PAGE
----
Monday, January 20, 2014

Book Review: Sketch Your World

If you’ve ever felt moved to keep a sketchbook while traveling, or if you’ve ever wanted to sketch the view of a favorite park in your own home town, but you just haven’t gotten out the door yet, James Hobbs has written a book for you: Sketch Your World – Essential Techniques for Drawing on Location.

More than any other book I’ve read on the topic of sketching on location (and I’ve tried to seek out and read them all), this is one I’d recommend to someone who has never drawn before but is motivated by the desire to capture one’s world on paper. Although it offers some tips and techniques on the basics of drawing (perspective, composition, tone), this book’s emphasis is not on “how to draw” but on embracing the spirit of urban sketching and running with it – wherever that run may lead you.

Many times when I’ve seen books that contain nothing but elegant, refined and dazzling examples by architects or professional painters, I’m inspired by their work but at the same time intimidated. By contrast, Hobbs’ book offers a wide range of examples of sketching styles from more than 60 urban sketchers. Rather than discouraging the beginner, these examples give the impression that everyone’s style is unique, and any style is appropriate for urban sketching. “One of the great things about a sketchbook is that it is yours and yours alone,” Hobbs says. “It doesn’t matter what anyone thinks about what you do, and there is no need to please anyone but yourself.”

In addition to chapters on materials and the mechanics of sketching in the field, Hobbs includes sections on ways to approach specific subject matter, such as architecture, people, travel and reportage sketching. One chapter focuses on digital tools, such as using a tablet, and another provides information on joining sketching communities, either online or locally. Throughout these chapters, featured artists like Gabriel Campanario, Miguel Herranz, Marina Grechanik and others discuss how they approach their subject matter specialty.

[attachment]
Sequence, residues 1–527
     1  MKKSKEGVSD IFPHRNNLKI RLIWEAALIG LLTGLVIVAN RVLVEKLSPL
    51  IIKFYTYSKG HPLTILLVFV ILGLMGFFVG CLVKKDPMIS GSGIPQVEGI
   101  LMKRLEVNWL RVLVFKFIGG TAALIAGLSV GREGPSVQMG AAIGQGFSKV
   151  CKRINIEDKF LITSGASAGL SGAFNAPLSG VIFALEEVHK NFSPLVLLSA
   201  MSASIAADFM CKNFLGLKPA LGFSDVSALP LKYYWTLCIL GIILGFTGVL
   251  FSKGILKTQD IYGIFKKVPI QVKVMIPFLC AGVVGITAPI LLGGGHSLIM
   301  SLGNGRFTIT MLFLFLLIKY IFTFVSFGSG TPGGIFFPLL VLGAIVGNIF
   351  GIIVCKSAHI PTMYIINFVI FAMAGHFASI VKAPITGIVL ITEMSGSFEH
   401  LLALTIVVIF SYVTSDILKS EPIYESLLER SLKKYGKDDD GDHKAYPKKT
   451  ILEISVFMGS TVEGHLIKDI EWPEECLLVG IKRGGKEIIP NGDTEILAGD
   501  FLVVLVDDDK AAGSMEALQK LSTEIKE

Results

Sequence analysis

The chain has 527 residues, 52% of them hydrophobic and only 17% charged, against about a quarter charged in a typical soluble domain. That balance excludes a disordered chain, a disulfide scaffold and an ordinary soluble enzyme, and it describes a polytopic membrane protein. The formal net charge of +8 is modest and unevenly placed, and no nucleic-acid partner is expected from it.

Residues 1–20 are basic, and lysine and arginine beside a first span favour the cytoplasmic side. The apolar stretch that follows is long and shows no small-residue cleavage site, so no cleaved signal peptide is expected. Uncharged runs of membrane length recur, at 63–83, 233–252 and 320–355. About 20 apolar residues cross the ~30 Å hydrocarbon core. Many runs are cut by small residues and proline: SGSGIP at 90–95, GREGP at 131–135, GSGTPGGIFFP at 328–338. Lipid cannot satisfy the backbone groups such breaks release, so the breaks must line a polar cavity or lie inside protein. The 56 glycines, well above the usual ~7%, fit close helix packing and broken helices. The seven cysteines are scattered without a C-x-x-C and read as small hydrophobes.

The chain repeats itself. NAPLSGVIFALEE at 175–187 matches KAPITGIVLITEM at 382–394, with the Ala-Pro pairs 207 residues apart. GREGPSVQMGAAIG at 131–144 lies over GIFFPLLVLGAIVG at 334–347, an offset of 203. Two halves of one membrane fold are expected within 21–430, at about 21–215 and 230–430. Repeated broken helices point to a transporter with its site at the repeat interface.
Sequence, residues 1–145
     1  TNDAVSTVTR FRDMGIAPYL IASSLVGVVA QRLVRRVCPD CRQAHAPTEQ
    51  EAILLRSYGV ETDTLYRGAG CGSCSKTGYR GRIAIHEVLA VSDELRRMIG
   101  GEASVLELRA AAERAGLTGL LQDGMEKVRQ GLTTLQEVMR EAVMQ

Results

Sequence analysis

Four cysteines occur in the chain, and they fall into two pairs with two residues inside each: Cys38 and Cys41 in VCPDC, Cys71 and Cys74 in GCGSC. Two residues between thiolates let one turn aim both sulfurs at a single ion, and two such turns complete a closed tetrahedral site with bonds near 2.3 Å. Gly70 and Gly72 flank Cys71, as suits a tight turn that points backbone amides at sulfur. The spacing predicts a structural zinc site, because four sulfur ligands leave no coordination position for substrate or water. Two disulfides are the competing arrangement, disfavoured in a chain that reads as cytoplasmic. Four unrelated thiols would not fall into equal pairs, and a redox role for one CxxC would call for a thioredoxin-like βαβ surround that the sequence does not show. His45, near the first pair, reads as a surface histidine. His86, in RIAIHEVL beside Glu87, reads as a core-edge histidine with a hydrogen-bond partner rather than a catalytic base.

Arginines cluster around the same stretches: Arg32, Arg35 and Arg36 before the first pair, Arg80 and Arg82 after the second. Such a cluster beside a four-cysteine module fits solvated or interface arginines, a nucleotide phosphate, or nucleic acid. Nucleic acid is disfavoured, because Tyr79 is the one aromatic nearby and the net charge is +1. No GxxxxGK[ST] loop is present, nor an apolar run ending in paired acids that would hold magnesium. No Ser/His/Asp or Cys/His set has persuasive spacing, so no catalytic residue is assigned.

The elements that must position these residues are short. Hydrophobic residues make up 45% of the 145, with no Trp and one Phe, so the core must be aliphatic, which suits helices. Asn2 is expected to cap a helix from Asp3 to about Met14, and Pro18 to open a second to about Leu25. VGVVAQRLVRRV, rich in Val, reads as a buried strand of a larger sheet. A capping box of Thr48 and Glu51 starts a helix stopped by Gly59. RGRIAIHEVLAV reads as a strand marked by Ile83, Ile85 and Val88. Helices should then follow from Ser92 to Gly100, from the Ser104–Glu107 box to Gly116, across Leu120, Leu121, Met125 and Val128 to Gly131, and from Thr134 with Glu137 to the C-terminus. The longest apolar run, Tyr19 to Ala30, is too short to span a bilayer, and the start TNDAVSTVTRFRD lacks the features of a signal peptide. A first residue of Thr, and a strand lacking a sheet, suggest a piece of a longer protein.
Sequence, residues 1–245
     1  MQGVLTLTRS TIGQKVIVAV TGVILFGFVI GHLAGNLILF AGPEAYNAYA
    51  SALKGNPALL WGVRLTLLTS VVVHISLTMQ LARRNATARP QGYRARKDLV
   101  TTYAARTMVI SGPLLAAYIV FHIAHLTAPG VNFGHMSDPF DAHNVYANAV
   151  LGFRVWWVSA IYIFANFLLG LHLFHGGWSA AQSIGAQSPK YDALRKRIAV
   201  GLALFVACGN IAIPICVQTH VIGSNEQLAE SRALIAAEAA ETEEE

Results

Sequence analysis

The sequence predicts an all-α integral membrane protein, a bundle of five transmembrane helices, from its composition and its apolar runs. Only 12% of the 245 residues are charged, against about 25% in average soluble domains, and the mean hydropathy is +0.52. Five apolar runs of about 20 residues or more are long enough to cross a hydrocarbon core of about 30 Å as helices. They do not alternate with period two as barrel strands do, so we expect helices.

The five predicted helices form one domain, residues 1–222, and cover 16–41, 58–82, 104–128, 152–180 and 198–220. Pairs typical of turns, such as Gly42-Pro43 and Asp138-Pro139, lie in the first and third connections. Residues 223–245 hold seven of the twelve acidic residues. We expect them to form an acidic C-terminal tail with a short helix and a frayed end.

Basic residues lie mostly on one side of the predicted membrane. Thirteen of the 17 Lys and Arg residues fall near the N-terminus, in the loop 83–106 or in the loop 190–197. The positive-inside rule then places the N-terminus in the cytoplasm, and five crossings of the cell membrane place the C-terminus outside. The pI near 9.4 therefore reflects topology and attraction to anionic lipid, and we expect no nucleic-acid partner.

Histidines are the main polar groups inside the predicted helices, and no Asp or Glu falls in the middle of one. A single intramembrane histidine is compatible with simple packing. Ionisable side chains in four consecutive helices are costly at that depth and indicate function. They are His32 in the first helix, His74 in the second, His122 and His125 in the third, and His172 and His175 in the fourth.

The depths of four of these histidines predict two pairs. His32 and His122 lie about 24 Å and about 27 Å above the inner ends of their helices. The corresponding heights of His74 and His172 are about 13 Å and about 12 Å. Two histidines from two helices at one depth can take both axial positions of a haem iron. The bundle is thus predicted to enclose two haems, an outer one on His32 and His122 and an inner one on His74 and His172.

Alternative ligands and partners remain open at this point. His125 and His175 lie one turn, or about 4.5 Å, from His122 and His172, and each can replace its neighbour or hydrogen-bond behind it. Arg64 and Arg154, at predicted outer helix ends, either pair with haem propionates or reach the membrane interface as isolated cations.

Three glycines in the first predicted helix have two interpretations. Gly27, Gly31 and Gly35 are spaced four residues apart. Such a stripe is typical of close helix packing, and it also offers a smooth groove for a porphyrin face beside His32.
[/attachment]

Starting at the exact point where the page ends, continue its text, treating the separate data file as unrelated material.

Hobbs’ overriding attitude is that urban sketching is about self-expression. “A sketchbook is an intimate, personal space in which to express yourself, to explore your surroundings, and record your experiences using the simplest materials,” he says. “The goal is to find our own way of working and our own voice, rather than mimicking someone else’s.” Instead of: “I’ll never be able to draw like that,” Sketch Your World makes me say: “I’m heading out the door with my sketchbook – now.”

(This book review also appears on

1 comment:

  1. This sounds like an interesting book. I always enjoy seeing the sketchbooks of other artists. Yes, they are definitely intimate and personal, and each is such a unique treasure.


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